Sunday, April 14, 2013

There was indeed mass murder by Tito's regime in Yugoslavia (1945-1948)

Where did the myth that there was no state mass murder in Yugoslavia under Tito come from? I keep seeing descriptions of Yugoslavia under Tito on LEFTIST blogs like the Marxist Crooked Timber that describe it as some sort of Balkan Sweden. Because in order for this outright lie to be credible at all you have to completely ignore the years 1945 to 1948. Executions and deaths in concentration camps under Tito were responsible for the death of over 55,000 ethnic Germans alone, nearly 17% of the minority's population.  That is almost as many people as the number of Americans who died fighting in Vietnam and this figure does not take into account deaths among other ethnic groups such as Slovenes, Croats, Serbs, Hungarians, Albanians, and others. It is a whole lot more people than Pinochet killed in Chile, the Argentine Junta killed during the "Dirty War", or the South African security forces killed during apartheid. Yet none of the LEFTISTs defending Tito at Crooked Timber and other places would ever deny that the 30,000 people murdered in Argentina during the "Dirty War" constituted mass murder even though it is a much smaller number than the total number of people exterminated by Tito's forces.

12 comments:

Walt Richmond said...

Hey, Otto, I don't feel like rooting through that whole blog but I do want to read the nonsense they're spouting. Can you put up a direct link to the post or posts you're talking about.

J. Otto Pohl said...

Most recently it is a re-occurring leitmotif in the very long comment thread attached to the Socialism without a Map post which is still on their front page. The comment thread is now up to 326 people. But, there is repeated claims that Yugoslavia unlike the USSR, China, and the USSR had no mass murder under Tito. Something they would never claim regarding the far fewer killings by the military dictatorships in Argentina or Chile.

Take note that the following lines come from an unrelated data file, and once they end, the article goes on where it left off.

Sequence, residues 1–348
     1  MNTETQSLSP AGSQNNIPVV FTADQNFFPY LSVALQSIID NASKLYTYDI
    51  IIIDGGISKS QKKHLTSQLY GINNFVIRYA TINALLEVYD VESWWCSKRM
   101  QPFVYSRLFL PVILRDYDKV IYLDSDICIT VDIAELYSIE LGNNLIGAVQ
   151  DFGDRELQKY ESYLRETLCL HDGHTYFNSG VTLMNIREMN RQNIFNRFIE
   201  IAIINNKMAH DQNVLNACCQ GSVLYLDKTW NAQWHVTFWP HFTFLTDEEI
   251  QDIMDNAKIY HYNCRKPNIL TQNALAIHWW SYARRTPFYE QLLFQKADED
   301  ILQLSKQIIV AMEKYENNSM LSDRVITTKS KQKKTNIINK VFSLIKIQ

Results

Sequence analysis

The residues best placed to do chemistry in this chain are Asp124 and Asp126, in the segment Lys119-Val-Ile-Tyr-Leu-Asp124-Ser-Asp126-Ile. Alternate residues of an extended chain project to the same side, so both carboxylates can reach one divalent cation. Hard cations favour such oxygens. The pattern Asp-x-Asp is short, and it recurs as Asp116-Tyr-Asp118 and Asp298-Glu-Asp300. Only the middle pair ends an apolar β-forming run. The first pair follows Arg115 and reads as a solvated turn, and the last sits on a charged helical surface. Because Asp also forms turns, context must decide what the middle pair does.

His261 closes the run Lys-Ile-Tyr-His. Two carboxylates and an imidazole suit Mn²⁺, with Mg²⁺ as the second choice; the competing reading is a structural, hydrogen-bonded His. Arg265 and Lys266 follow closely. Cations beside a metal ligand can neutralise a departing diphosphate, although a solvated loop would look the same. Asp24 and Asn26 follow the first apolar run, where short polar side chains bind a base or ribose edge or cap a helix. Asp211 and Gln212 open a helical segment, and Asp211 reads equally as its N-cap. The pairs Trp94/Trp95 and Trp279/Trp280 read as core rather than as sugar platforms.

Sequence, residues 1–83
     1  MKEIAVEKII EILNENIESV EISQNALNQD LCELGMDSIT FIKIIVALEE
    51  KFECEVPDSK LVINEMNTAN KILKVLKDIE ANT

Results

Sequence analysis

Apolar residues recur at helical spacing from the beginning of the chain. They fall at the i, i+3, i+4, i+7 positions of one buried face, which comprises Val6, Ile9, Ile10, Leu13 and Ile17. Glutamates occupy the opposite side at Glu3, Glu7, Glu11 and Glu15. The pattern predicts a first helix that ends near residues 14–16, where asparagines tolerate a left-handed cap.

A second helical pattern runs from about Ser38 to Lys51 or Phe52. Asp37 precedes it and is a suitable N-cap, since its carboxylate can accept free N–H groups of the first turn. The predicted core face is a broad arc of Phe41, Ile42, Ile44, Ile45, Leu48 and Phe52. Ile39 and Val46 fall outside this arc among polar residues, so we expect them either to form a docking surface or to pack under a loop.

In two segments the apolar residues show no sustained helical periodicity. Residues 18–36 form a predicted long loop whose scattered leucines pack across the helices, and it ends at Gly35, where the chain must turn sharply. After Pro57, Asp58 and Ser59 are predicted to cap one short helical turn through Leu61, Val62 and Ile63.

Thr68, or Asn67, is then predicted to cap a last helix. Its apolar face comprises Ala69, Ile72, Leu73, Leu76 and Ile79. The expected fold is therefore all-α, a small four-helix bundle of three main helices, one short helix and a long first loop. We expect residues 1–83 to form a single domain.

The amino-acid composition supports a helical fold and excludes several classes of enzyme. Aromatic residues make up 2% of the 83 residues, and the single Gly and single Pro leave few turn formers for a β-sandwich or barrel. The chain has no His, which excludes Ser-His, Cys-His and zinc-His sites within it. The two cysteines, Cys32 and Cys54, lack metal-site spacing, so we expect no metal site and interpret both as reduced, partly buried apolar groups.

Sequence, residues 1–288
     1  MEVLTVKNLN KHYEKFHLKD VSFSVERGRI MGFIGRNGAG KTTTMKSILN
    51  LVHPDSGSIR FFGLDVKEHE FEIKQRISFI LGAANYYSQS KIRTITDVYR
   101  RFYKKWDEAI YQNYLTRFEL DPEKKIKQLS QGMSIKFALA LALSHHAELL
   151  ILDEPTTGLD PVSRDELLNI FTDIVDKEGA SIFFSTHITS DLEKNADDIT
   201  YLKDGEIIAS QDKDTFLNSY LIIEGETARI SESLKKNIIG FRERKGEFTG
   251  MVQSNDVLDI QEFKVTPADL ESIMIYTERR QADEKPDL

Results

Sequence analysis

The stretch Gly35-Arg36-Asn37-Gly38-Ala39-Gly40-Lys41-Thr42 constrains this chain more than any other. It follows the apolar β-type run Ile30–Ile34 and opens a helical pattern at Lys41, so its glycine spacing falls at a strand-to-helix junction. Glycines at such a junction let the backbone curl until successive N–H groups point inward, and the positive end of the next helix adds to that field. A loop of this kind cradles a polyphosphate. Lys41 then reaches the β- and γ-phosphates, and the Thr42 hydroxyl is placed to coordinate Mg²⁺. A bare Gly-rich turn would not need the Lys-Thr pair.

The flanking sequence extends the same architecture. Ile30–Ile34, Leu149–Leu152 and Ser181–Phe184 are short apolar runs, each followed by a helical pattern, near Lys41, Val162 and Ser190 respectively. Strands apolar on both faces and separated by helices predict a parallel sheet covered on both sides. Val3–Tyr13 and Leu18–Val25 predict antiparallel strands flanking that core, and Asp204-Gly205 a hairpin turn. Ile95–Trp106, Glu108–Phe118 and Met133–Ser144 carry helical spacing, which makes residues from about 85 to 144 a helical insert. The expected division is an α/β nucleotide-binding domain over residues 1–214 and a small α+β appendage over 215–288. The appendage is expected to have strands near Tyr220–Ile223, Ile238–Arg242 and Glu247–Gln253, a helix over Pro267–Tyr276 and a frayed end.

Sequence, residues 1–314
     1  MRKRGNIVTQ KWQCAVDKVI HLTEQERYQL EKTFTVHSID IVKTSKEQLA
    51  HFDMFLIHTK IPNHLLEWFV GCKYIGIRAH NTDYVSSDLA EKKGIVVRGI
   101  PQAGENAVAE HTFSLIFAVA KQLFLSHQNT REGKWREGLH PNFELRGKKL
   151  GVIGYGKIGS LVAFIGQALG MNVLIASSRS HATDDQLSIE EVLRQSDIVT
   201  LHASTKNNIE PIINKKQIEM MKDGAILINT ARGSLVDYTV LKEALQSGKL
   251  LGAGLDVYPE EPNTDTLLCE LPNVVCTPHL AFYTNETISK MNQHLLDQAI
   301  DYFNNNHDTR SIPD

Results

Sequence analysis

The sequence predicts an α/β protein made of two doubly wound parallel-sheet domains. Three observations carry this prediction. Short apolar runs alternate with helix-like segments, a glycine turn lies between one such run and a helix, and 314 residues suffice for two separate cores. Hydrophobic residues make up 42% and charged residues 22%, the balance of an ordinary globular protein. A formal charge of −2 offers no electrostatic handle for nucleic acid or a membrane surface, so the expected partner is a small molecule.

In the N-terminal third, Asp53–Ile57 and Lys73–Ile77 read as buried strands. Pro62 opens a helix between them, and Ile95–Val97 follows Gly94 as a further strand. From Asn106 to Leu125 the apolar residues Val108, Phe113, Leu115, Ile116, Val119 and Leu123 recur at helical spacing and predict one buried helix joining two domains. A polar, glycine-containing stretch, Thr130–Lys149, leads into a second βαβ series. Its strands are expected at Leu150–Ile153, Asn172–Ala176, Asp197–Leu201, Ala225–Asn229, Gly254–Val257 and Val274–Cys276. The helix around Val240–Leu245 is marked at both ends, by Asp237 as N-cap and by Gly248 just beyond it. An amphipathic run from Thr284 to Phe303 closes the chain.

Walt Richmond said...

Thanks, I saw the comments went on forever, generally a sign of lunacy.

Walt Richmond said...

It's mainly Hector St. Claire, who's obviously an idiot. Bento defends Tito from an economic point of view and at one place does say he was "relatively benign and wise," which is pretty ignorant, but that's a standard myth about Yugoslavia that's always floated around--I heard it when I was in college. Also, I think he's again talking about his economic policies being benign.

Most people in America have no knowledge of Tito, how he came to power, or what he did.

But then, what are you doing reading Marxist blogs?

Walt Richmond said...

Oh, and I admit I didn't read all the comments, just searched to "Tito" and "Yugoslavia." When I came to the phrase "convexity constraints" I realized I was dealing with pretentiousness on an Olympic scale and stopped reading.

J. Otto Pohl said...

Walt I read these things so I can know what the academic mainstream in the US, Europe, and Australia think. Other than you almost no academics outside of Africa are willing to return my e-mails. So I am pretty much cut off from academia in the White world.

Walt Richmond said...

You say that as if it were a bad thing. :)

What Potter refers to as "vicious rhetorical attacks" is what I call a conference roundtable discussion.

J. Otto Pohl said...

Walt I think you meant for that last comment to go on the post above this one.

Walt Richmond said...

I meant the part about being cut off from academics.

J. Otto Pohl said...

Oh, I see now that I reread it. I kind of think it is a bad thing. Remember before the collapse of the USSR and we had no access what so ever to any archival documents and censorship made collecting oral and other sources really difficult? I am sure you do. Well my ability to understand or even get kind of a view of American academia is like that now. I get the tips of the icebergs, but it is really opaque.

J. Otto Pohl said...

Oh, I see now that I reread it. I kind of think it is a bad thing. Remember before the collapse of the USSR and we had no access what so ever to any archival documents and censorship made collecting oral and other sources really difficult? I am sure you do. Well my ability to understand or even get kind of a view of American academia is like that now. I get the tips of the icebergs, but it is really opaque.

Walt Richmond said...

I don't know. I just focus on my own projects and don't really give a rat's ass what anyone in academia thinks of me. My contact with academia at conferences has certainly been overwhelmingly negative.